I have recently been engaged in discussions on the proper way of drafting contracts. As I personally have been engaged in patent and technology litigations, I often tend to take a dispute-oriented approach to contract drafting. For example, I consider the ramifications of the contract being argued in court, who would have the burden of proof, whether I make a legal compromise by inserting intentionally vague provisions (would it be interpreted to our benefit or not), and so forth.
However, there is also another realm, which can be qualified as a “deal-lawyer-type” of contract drafting, where the main focus is to get the deal through one way or another. Here the issue is already somewhat different: you may be limited by time or expenses or you may have an opportunity to identify only some of the issues that you consider as the greatest deal-breakers in the deal.
An excellent example of these distinctions between different drafting types can be found in patent licensing with its carrot and stick licensing approaches. In the former the licensor voluntarily grants a license and enters into a commercial relationship while, in the latter, the patent holder threatens to sue the licensee for patent infringement if the licensee does not pay for a license. It is very likely that in the latter case, the agreement would, at some point, be tested in court so you should be careful when drafting, keeping the forthcoming litigation constantly in mind.
However, when talking about handling an assignment it is not only about how we draft agreements but what is our scope and role as advisors in overall. Steven M. Davidoff, professor at the Michael E. Moritz College of Law at Ohio State University, recently posted lessons from a collapsed deal involving Goldman Sachs, which was in a legal dispute over its role as the advisor in the sale of the speech recognition company Dragon System.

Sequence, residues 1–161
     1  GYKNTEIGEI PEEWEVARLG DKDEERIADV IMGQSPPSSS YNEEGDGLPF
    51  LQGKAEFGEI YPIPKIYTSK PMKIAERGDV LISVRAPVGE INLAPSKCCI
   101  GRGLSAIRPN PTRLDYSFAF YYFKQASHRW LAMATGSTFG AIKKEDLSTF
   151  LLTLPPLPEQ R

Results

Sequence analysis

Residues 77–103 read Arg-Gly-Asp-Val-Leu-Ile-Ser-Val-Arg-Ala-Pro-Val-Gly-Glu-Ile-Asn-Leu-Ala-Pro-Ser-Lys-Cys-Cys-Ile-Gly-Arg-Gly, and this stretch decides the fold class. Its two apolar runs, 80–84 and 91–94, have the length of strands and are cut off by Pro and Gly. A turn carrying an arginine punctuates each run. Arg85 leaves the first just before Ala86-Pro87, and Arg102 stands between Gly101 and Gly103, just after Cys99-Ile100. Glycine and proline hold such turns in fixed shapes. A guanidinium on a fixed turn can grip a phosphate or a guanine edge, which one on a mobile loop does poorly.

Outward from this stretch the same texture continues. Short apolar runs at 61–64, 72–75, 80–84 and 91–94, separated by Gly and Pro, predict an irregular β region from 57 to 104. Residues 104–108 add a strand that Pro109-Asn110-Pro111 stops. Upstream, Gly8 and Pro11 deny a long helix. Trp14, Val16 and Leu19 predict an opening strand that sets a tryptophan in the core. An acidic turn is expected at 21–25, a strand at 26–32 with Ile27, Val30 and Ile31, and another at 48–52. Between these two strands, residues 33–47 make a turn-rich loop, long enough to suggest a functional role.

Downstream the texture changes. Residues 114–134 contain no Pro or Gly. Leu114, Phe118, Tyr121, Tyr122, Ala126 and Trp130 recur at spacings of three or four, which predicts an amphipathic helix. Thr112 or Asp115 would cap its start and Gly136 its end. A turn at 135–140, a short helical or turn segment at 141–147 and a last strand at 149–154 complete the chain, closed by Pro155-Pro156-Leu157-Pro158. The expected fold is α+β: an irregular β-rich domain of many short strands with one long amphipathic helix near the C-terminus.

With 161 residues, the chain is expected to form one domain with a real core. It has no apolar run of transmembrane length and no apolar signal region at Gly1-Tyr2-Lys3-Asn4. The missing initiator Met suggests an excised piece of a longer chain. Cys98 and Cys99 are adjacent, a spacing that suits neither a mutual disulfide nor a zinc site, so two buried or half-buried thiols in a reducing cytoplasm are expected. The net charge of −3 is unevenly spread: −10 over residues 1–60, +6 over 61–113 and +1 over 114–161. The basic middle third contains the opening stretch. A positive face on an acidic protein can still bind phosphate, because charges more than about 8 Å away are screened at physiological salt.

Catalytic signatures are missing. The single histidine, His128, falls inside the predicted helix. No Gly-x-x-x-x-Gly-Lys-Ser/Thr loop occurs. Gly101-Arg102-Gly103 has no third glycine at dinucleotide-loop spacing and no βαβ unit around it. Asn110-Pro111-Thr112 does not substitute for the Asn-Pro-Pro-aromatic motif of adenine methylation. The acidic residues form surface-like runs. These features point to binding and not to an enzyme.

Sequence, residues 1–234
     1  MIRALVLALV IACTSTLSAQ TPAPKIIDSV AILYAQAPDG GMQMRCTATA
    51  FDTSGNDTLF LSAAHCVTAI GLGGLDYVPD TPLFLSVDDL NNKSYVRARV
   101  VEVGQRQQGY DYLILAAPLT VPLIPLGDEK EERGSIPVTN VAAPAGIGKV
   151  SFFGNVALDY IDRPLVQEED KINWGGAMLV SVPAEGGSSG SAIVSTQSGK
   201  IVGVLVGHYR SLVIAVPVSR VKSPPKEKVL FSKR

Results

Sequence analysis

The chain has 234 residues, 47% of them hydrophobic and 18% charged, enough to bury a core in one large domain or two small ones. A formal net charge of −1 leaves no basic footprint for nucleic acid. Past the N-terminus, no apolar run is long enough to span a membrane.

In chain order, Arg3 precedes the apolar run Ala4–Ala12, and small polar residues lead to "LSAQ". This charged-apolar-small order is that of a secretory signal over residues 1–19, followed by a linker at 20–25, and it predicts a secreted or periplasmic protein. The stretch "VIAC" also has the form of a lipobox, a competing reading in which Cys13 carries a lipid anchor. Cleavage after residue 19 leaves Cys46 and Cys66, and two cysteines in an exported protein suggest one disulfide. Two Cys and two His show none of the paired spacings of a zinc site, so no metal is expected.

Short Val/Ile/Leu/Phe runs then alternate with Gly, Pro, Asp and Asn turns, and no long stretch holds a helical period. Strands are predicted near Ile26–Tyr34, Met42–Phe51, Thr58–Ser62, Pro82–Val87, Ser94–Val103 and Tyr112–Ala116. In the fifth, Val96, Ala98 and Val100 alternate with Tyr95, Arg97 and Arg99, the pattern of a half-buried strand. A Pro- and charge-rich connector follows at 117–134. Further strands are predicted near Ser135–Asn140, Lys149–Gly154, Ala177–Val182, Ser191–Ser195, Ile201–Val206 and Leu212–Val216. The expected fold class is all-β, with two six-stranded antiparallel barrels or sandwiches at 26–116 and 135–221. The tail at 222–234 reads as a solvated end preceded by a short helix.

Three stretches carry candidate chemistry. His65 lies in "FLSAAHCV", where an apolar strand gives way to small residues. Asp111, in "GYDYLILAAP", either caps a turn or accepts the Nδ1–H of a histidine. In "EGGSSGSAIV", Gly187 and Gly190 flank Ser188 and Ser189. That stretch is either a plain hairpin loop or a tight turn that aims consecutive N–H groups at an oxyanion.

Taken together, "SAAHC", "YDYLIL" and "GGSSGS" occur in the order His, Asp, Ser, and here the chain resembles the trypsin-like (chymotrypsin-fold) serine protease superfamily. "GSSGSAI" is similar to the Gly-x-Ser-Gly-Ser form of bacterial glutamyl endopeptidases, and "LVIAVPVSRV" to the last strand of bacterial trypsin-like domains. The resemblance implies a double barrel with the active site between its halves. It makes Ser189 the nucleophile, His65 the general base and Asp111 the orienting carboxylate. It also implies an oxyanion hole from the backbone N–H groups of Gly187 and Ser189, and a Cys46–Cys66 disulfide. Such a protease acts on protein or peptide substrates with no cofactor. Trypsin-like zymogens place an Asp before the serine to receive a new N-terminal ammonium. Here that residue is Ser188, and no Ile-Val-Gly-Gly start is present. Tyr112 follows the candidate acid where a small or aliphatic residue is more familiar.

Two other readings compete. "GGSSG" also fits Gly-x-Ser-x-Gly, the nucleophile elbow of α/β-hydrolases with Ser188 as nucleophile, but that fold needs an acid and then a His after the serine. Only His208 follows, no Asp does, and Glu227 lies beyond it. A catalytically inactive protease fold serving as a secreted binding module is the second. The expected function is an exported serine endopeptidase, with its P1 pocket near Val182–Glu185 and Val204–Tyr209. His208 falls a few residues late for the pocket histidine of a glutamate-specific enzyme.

While I fully agree with what one commentator said, that there is only one thing that is more dangerous to an M&A client than inexperienced bankers and lawyers and that is “...if the client reckons himself smarter or better at doing deals than the bankers and lawyers who are being paid to advise him/her.” It is not very often than people with legal education do have the business acumen to create also “commercial win-win deals” for their clients. That “weak spot” should perhaps be the target of the personal development of all us lawyers to make us also more solution-oriented and to make the claim “if the world were full of lawyers, there would be no deals executed” less true.
Take a couple of minutes and read this through as this outlines the importance communicating the working methods and scope clearly – to ensure that the clients’ expectations are met. And yet, in this case, it still might not have been enough…